Mrs. Brio. No law will ever be effectual, till the custom is rendered infamous. Wives must shiriek! mothers must agonize! orphans must be multiplied! unless some blessed hand strip the fascinating glare froin honorable murder, and bravely expose the idol wlio is worshipped thus in blood. While it is disreputable to obey the laws, we cannot look for reformation, But if the duellist is once banished from tlie presence of his sovereign; if he is for life excluded the confidence of bis country; if a mark of indelible disgrace is stamped upon him, the sword of public justice will be the sole chastiser of wrongs; trilles will not be punis!red with death, and offences really meriting such punishment, will be reserved for the only proper Revenger, the common executioner.
Lady Rach. I could no: have expressed myself better on this subject, my dear; but till such a hand as you talk of, is found, the best will fall into the error of the times.
Miss Wal. Yes, and buicher each other like madmen, for fear their courage should be suspected by fools.
COLONEL RIVERS AND SIR HARRY. Sir Hur. ULONEI , your most obedient: I am come upon
• U the old business; for unless I am allowed to entertain hopes of Miss Rirers, I shall be the most miserable of
Riv. Sir Harry, I have already told you by letter, and I now tell you personally, I cannot listen to your proposals. .
Sir Har. No. Sir ?
Riv. No, Sir; I have promised my daughter to Mr. Sidney; do you know that, Sir ?
Sir Har. I do ; but what then? Engagements of this kind, you know
Riv. So then, you know I have promised her to Mr. Sidney?
Sir Har. I do; but I also know that matters are not finally settled between Mr. Sidney and you ; and I mcreover know, that his fortune is by no means equal to mine, therefore
Riv. Sir Harry, let me ask you one question before you, make your consequence.
Sir Har. A thousand if you please, Sir..
Rir. Why then, Sir, let me ask you, what you have ever observed in me or my conduct, that you desire me so familiarly to break my word? I thought, Sir, you considered me as a man of honor.
Sir Hari And so I do, Sir, a man of the nicest honor.
Riv. And yet, Sir, you ask me to violate the sanctity of my word; and tell me directly that it is my interest to be a rascal.
Sir Har. I really don't understand you, Colonel : I thought I was talking to a man who knew the world ; and as you have not signed
Riv. Why this is mending matters with a witness! And so you think because I am not legally bound, I am under no necessity of keeping my word! Sir Harry, laws were never made för men of honor; they want no bond but the rectitude of their' olvo sentiments ; and laws are of no use but to bind the villains of society.
sir Har, Well but my dear Colonel, if you have no regard for me, shew some little regard for your daughter. i n :
Riv. I shew the greatest regard for my daughter, by giv. ing her to a man of honor, and I must not be ins ulted with any further repetition of your proposals.
Sir Far. Insult you, Colonel! is the offer of my alliance an insult? is my readiness to make what settlements you think proper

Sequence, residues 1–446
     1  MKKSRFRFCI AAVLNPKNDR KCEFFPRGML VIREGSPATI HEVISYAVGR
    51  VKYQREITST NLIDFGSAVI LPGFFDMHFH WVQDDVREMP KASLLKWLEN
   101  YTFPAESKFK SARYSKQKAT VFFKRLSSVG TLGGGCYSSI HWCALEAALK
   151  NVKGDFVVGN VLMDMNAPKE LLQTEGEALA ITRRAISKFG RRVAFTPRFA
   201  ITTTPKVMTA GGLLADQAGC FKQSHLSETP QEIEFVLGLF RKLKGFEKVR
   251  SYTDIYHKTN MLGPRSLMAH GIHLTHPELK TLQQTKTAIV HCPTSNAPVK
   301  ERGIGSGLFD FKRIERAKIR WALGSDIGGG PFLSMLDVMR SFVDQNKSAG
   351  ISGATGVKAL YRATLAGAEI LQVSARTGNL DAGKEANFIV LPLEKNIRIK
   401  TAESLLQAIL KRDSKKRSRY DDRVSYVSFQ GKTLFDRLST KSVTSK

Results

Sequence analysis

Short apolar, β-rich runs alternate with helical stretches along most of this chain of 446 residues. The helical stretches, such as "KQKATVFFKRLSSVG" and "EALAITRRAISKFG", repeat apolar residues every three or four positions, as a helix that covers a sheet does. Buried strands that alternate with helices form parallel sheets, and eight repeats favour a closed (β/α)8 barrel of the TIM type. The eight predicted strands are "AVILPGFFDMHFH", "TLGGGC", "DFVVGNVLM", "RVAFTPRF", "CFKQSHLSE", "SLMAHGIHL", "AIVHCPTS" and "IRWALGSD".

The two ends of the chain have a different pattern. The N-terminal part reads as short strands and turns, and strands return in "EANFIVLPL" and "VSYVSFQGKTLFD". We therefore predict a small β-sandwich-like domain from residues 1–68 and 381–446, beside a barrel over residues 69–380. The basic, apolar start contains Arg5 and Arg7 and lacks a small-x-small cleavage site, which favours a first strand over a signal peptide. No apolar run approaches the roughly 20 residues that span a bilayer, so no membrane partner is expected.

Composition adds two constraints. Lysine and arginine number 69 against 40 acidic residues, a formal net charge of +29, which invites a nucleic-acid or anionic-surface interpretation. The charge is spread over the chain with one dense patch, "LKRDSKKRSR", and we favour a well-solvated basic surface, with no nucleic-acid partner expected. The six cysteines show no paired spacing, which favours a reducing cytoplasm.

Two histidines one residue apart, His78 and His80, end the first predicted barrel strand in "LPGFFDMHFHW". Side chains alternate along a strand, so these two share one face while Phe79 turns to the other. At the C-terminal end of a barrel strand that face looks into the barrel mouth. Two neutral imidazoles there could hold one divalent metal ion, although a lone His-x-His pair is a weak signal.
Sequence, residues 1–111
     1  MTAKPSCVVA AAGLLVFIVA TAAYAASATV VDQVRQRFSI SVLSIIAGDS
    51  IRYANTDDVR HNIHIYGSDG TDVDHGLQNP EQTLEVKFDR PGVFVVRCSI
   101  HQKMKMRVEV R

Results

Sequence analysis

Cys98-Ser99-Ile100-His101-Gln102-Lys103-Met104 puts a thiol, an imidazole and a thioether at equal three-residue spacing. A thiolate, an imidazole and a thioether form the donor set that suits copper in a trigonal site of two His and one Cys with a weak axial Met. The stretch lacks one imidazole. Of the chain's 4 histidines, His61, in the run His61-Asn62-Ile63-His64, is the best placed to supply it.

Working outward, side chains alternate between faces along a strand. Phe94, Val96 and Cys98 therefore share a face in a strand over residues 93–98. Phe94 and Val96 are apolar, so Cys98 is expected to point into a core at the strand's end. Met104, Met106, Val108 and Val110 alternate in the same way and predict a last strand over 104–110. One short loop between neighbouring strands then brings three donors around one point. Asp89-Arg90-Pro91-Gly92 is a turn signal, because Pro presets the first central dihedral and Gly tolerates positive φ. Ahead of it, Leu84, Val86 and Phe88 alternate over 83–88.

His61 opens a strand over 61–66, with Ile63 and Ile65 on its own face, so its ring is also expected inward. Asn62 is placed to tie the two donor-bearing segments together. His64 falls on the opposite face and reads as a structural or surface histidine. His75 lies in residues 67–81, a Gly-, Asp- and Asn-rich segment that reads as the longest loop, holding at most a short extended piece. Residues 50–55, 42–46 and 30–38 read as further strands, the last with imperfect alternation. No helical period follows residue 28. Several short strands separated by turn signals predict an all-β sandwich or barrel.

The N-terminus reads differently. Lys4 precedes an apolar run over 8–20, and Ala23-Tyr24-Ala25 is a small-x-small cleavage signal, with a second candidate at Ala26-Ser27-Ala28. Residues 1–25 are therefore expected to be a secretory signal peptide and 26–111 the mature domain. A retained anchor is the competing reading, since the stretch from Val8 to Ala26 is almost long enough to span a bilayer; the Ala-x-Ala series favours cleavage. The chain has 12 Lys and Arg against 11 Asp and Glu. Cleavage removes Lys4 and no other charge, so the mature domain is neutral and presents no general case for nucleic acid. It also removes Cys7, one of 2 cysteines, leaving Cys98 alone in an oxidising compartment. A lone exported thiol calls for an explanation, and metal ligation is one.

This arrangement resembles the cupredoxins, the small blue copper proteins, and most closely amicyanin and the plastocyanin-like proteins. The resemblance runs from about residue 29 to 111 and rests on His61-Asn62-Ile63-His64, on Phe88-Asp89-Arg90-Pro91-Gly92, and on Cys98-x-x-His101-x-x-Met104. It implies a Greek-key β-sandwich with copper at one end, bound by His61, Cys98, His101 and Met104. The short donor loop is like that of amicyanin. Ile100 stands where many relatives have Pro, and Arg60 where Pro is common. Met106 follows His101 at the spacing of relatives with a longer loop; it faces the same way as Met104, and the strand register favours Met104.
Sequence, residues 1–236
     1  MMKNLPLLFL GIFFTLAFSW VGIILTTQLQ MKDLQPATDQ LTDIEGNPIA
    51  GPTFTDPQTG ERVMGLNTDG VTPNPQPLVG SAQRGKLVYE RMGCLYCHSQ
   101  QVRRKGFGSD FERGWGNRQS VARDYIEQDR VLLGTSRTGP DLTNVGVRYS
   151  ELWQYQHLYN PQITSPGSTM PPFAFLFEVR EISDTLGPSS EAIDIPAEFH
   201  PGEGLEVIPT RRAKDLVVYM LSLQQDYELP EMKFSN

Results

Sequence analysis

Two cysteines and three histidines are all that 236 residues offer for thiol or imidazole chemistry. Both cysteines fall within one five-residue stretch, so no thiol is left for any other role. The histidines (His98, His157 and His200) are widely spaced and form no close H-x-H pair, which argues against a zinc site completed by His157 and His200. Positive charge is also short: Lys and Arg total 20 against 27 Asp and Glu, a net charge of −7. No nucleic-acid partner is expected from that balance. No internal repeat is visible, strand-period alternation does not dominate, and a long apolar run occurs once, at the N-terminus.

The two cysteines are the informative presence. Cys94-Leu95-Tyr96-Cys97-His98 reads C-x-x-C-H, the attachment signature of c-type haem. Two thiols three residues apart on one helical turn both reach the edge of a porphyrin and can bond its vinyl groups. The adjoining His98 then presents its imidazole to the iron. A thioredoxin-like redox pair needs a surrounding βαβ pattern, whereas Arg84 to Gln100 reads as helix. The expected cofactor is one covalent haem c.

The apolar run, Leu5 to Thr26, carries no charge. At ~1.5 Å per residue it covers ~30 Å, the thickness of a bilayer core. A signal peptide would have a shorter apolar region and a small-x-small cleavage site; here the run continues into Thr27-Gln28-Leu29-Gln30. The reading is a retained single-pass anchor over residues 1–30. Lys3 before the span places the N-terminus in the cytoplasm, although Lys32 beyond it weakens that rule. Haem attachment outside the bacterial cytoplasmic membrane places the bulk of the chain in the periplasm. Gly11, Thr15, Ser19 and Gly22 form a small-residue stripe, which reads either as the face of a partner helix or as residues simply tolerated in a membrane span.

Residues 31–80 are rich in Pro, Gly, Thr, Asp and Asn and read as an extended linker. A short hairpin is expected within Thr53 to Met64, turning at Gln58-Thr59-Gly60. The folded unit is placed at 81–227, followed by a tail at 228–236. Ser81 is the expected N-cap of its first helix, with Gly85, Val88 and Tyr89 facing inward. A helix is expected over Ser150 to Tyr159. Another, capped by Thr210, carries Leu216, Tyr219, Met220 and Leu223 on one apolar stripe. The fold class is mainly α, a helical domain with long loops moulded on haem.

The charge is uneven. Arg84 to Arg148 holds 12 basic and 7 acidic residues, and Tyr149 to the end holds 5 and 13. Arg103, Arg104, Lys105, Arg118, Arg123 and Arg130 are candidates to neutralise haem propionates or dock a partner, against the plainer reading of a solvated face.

Ric. Sir Harry, I should consider the offer of a kingdom an insult, if it were to be purchased by the violation of my word. Besides, though my daughter'shall never go a beggar to the arms of her husband, I would rather see her happy thanrich; and
if she has enough to provide handsomely for a young family, and something to spare for the exigencies of a worthy friend, I shall think her as affluent as if she was mistress of Mexico.
Sir Har. Well, Colonel, I have done ; but I believe
Riv. Well, Sir Harry, and as our conference is done, we will if you please, retire to the ladies ; I shall be always glad of your acquaintance, though I cannot receive you as a son-inlaw: for a union of interest I look upon as a union of dishonor, and consider marriage for money, at best buta legal prostitution.
SCENE BETWEEN SHYLOCK AND TUBAL. *Sly. TOW now, Tubal ! what news from Genoa ? Have
you heard any thing of my backsliding daughter ? Tub. I often came where I heard of her, but could not find her.
Shy. Why there, there, a diamond gone that cost me two thousand ducats at Frankfort! The curge never fell upon the nation till now! I never felt it before! Two thousand ducats, in that and other precious jewels! I wish she lay dead at my feet! No news of them! and I know not what spent in the search. Loss upon loss. The thief gone with so much, and so much to find the thief; and no satisfaction, no revenge ; 10 ill luck stirring but what lights on my shoulders. .
Tub. O yes, other men have id luck too, Antonio, as I heard in Genoa
Shy. (Interrupting him) What, has he had ill luck?:
Tub. I spoke with some of the sailors that escaped from the wreck.
Shy. I thank you, good Tubal. Good news! Good news ! What, in Genoa, you spoke with them.
Tub. Your daughter, as I heard, spent twenty ducats in one night.
Shy, You stick á dagger in me, Tubal. I never shall see my gold again. Twenty ducats in one night! Twenty ducats! O father Abraham!
Tud. There came several of Antonio's creditors in my company to Venice, who say he cannot but break.
sly. I am glad on't ; l'll plague him ; I'll torture hiin: I am glad on't.
* Shylock had sent Tubal after his daughter, who had eloped from his house, Antonio wae a merchant, hatcd by Shylock.